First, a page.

Treatment pattern trends of medications for type 2 diabetes in British Columbia, Canada

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Introduction Several new oral drug classes for type 2 diabetes (T2DM) have been introduced in the last 20 years accompanied by developments in clinical evidence and guidelines. The uptake of new therapies and contemporary use of blood glucose-lowering drugs has not been closely examined in Canada. The objective of this project was to describe these treatment patterns and relate them to changes in provincial practice guidelines. Research design and methods We conducted a longitudinal drug utilization study among persons with T2DM aged ≥18 years from 2001 to 2020 in British Columbia (BC), Canada. We used dispensing data from community pharmacies with linkable physician billing and hospital admission records. Laboratory results were available from 2011 onwards. We identified incident users of blood glucose-lowering drugs, then determined sequence patterns of medications dispensed, with stratification by age group, and subgroup analysis for patients with a history of cardiovascular disease. Results Among a cohort of 362 391 patients (mean age 57.7 years old, 53.5% male) treated for non-insulin-dependent diabetes, the proportion who received metformin monotherapy as first-line treatment reached a maximum of 90% in 2009, decreasing to 73% in 2020. The proportion of patients starting two-drug combinations nearly doubled from 3.3% to 6.4%. Sulfonylureas were the preferred class of second-line agents over the course of the study period. In 2020, sodium-glucose cotransporter type 2 inhibitors and glucagon-like peptide-1 receptor agonists accounted for 21% and 10% of second-line prescribing, respectively. For patients with baseline glycated hemoglobin (A1C) results prior to initiating diabetic treatment, 41% had a value ≤7.0% and 27% had a value over 8.5%. Conclusions Oral diabetic medication patterns have changed significantly over the last 20 years in BC, primarily in terms of medications used as second-line therapy. Over 40% of patients with available laboratory results initiated T2DM treatment with an A1C value ≤7.0%, with the average A1C value trending lower over the last decade.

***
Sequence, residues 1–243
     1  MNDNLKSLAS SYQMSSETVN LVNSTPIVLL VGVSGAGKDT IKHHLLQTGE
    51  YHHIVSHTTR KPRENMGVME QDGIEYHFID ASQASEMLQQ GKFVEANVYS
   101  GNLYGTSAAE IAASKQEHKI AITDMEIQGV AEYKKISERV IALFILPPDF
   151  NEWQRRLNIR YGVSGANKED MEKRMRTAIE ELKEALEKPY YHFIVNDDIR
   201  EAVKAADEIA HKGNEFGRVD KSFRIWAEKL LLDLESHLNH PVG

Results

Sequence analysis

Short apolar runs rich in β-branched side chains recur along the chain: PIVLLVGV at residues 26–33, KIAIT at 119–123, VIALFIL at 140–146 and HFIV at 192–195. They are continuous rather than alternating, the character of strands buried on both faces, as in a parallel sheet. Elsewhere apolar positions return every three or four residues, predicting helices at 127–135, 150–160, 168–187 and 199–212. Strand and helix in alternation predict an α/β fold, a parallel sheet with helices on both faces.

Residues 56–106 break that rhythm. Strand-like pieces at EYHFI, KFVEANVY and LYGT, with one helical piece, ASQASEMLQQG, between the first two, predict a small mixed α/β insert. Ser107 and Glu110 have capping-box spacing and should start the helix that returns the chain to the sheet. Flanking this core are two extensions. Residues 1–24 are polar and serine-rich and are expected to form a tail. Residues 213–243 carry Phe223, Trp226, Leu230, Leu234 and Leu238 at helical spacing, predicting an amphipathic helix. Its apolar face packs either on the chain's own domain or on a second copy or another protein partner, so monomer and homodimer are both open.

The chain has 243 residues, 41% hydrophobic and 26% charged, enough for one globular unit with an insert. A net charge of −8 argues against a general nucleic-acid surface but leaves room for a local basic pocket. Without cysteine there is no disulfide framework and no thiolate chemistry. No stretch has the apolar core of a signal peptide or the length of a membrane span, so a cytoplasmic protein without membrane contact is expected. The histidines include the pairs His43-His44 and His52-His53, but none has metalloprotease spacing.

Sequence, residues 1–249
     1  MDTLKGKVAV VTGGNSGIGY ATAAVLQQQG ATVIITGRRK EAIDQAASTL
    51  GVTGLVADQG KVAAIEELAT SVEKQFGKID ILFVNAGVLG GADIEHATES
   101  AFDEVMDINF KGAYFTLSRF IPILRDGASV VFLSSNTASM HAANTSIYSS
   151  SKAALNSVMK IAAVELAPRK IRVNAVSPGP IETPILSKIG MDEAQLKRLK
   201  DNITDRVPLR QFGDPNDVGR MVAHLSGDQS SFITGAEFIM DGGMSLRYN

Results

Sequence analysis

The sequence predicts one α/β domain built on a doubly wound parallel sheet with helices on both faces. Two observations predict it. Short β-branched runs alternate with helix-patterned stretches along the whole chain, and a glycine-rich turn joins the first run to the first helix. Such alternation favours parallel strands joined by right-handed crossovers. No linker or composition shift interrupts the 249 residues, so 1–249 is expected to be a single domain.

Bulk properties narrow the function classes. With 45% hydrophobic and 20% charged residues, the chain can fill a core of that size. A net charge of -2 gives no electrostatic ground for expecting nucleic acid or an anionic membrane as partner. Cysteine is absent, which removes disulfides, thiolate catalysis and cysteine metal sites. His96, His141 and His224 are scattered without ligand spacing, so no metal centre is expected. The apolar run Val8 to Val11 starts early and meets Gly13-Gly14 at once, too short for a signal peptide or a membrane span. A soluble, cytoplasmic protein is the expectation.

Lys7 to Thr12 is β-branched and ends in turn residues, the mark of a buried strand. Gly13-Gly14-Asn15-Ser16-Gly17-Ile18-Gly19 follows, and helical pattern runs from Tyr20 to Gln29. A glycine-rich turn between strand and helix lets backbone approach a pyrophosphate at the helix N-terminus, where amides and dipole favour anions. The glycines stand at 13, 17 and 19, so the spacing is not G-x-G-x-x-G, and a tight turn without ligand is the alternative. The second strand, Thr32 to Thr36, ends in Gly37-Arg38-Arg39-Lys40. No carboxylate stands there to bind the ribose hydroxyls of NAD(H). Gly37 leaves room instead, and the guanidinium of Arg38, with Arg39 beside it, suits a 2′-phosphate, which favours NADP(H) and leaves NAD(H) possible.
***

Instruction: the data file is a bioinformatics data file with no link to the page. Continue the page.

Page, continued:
Carney, G., Kim, J. D., O’Sullivan, C., Thompson, W., Bassett, K., Levin, J., & Dormuth, C. R. (2022). Treatment pattern trends of medications for type 2 diabetes in British Columbia, Canada. BMJ Open Diabetes Research and Care, 10(6).

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